This was used unanimously in classes that I observed to stretch the most able. Teachers knew their students well, and aimed higher level questions at students that needed to be stretched, as well as getting students to develop their responses by further questions.  Students who asked questions, were answered with questions, and therefore as a result were able to come up with their own answers. This again turned the focus of the learning back onto the student.

4. Group work

Students were given opportunities for testing their own learning through group work.  A panel of ‘gifted and talented’ Year 8 students told me they really enjoyed working within mixed ability groupings, as it gave them leadership opportunities, and therefore the chance to be in charge! Furthermore, many said they liked the opportunities that they got to coach and teach other students, as this enabled them to really test their own understanding. One of the teachers I spoke to also reflected on how to vary group work for different effects; sometimes she also ensures that ‘gifted and talented’ aren’t always in leadership roles, to allow them opportunities to develop their teamwork skills.

5. Extension tasks

Finally, in nearly all lessons, a series of extension tasks where often available, which stretched and challenged the most able. This varied from ‘extension questions’ at the bottom of worksheets to providing students with an opportunity to choose which themes of gothic literature they were going to search for in a text by putting them on a ‘difficulty’ scale (again providing students with choice). Furthermore, another teacher told me how she differentiates homework by providing different tasks to different students – sometimes even as simply as taking out the first 3 steps of a question, so the more able students are immediately challenged.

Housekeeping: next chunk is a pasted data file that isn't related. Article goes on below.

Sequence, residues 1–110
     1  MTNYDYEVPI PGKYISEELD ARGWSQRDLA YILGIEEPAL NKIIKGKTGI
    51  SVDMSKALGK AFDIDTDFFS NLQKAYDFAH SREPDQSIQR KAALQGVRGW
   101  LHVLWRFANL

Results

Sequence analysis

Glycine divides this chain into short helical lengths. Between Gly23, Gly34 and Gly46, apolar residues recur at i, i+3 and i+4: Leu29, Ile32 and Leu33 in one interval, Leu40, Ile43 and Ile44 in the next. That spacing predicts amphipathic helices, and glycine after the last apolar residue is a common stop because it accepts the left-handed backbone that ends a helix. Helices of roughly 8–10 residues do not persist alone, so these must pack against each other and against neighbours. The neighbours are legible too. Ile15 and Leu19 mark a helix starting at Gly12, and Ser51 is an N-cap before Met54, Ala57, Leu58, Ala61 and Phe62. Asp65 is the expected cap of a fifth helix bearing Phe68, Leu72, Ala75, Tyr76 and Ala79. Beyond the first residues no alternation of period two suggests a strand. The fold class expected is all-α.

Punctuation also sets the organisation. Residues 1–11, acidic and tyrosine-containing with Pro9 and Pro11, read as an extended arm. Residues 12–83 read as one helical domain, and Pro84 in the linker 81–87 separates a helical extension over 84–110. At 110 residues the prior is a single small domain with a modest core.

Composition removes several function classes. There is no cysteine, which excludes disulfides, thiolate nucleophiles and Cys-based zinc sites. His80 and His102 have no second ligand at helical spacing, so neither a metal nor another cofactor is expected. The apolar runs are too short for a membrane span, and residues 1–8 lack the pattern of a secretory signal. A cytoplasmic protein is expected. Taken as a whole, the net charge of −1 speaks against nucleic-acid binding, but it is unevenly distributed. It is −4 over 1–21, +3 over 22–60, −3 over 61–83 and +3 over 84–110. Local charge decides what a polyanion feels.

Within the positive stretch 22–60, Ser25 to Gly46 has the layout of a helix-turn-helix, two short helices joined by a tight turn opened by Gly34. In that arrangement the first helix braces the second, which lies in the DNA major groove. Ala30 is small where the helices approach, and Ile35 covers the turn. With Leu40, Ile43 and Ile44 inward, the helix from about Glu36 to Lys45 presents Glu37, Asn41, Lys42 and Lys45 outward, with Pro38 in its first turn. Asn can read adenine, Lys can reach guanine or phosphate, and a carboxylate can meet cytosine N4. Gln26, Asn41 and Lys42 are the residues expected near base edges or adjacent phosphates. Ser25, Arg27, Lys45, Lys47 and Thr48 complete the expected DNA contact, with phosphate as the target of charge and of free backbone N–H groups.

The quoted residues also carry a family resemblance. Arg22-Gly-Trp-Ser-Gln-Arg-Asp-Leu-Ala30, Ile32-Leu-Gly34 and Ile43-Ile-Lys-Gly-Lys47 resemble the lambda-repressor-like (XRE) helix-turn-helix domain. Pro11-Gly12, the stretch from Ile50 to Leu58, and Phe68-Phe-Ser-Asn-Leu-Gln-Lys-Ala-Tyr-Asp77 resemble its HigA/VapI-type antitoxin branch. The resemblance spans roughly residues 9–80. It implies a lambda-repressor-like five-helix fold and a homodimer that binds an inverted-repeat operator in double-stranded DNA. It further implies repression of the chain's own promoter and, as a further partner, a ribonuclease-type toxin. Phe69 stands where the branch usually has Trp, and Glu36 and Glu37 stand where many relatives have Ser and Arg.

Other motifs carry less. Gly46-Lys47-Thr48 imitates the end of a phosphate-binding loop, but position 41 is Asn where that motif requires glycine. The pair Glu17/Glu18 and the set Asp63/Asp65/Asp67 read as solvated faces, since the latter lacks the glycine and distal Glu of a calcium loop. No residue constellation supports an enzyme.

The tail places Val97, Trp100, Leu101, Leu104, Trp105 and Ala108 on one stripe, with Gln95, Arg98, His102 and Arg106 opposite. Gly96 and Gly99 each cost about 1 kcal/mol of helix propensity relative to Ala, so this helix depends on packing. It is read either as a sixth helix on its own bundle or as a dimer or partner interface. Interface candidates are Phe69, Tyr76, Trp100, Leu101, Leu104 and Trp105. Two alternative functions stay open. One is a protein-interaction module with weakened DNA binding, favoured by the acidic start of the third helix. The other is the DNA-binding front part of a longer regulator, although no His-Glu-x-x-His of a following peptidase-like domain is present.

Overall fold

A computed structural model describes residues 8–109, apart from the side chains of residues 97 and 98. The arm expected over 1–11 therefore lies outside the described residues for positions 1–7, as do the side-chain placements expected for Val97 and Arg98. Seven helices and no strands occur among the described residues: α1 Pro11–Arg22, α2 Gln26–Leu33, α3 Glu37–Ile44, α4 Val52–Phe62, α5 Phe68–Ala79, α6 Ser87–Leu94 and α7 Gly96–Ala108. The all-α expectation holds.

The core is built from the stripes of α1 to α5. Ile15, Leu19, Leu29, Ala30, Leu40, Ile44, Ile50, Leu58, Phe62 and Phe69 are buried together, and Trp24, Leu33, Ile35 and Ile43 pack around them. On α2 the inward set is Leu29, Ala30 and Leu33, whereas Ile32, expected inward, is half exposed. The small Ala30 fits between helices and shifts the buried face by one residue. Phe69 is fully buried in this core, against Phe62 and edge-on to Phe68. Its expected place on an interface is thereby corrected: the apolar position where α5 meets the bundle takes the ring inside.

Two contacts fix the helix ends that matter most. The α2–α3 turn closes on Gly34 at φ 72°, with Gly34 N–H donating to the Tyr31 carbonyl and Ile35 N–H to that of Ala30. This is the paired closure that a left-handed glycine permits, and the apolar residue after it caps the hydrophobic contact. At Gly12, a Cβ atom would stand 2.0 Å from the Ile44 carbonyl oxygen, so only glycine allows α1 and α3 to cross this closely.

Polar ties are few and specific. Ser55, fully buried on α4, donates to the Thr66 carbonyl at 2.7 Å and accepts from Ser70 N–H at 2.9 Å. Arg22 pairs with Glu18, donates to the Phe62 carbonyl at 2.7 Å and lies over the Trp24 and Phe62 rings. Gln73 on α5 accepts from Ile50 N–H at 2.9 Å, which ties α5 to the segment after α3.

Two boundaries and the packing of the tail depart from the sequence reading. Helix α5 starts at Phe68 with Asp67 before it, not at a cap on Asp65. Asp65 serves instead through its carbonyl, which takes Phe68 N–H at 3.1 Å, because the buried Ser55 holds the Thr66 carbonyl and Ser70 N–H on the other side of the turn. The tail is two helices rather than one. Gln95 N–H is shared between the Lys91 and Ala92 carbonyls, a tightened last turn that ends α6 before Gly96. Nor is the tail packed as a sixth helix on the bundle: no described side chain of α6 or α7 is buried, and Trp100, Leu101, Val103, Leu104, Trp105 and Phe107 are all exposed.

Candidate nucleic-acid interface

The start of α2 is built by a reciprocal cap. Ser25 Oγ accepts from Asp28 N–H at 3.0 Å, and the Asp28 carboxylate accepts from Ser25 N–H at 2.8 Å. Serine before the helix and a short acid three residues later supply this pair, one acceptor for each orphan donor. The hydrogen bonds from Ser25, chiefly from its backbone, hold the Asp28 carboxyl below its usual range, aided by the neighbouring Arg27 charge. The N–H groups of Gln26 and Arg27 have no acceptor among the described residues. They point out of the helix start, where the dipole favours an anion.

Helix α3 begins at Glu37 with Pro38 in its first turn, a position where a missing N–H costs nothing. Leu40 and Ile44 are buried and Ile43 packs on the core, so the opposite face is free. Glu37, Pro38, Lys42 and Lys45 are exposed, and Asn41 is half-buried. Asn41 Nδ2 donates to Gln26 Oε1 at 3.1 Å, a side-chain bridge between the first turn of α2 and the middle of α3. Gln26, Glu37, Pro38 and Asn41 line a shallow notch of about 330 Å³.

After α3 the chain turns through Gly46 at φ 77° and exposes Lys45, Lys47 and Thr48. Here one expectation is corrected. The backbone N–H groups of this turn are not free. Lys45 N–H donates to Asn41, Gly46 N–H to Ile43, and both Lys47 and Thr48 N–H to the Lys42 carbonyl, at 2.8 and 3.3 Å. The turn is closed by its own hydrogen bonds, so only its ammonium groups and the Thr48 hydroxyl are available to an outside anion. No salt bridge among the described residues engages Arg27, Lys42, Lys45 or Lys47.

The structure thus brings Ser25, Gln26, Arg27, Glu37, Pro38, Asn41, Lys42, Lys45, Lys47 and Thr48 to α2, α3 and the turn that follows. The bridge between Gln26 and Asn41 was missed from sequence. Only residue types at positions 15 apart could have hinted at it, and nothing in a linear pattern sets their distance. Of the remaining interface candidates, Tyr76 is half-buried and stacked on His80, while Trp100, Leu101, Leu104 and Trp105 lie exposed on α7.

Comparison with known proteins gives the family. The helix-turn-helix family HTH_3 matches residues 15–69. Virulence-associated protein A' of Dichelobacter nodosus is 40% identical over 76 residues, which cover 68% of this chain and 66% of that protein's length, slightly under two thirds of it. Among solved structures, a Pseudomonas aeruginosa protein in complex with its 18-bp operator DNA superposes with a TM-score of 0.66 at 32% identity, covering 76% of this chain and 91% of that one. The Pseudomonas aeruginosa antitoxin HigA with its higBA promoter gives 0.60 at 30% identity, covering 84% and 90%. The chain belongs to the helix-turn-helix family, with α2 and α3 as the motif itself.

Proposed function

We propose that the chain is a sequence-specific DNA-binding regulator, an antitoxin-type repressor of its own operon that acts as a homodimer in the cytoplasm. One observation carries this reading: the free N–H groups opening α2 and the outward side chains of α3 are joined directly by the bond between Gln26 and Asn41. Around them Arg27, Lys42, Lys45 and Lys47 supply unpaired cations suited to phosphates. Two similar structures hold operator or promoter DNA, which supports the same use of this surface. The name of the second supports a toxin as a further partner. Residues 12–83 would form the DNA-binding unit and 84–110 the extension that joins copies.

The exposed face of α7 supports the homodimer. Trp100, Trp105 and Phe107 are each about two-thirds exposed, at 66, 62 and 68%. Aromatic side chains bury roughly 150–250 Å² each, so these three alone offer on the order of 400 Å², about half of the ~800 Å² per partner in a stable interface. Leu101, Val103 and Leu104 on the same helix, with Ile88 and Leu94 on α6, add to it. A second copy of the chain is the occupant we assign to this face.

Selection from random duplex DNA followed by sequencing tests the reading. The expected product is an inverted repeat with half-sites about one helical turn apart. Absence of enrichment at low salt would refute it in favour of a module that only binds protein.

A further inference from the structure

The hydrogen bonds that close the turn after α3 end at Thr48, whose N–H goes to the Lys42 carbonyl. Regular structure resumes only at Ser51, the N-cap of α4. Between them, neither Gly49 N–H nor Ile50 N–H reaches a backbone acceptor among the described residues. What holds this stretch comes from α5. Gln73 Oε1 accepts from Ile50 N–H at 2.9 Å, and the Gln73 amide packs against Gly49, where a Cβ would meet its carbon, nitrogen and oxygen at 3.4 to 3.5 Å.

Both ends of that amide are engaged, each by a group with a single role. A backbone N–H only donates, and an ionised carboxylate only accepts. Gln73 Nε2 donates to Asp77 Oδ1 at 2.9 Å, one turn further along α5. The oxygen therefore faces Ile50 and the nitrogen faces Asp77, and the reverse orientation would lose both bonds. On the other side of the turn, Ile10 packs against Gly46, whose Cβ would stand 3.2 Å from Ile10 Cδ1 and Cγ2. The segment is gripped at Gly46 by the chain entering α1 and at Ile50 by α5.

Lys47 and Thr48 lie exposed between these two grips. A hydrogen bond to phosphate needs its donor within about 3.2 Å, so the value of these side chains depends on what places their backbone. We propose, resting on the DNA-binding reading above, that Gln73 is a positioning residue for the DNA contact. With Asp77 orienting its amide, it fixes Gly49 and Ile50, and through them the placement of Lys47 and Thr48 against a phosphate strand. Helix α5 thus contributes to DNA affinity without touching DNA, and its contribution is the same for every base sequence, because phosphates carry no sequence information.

Gifted and Talented work outside the classroom

Furthermore, in York, provision for the gifted and talented goes beyond the classroom. The ISSP project in York offers ‘gifted and talented’ students a real opportunity to not only be inspired but also to challenge themselves. Some KS3 students get the opportunity to challenge themselves with A-level standard Maths. Others get the opportunity to take part in an oral history workshop with real life war veterans. Among the students I talked to, there was a real excitement about these projects. At one school, I met with a group of about 20 students who all seemed incredibly keen to take part in the ISSP’s GCSE Latin programme. Furthermore I met with a student who was already part of the project: she relished the opportunities the project gave her to have a challenge outside school, despite having to give up several hours on a Monday evening to it.

It certainly seems to me therefore, that instead of ‘gifted and talented’ students being failed, by contrast, their educational needs are carefully addressed both within the classroom and outside it. This went beyond trying to get students to a certain level or grade: teachers wanted students’ to gain a passion for learning and for their subject through giving them opportunities to express their individual talents and flare. I finished my two weeks inspired; and I’m sure was surrounded by students who felt the same.

Sarah Jackson, PGCE Student 2012-2013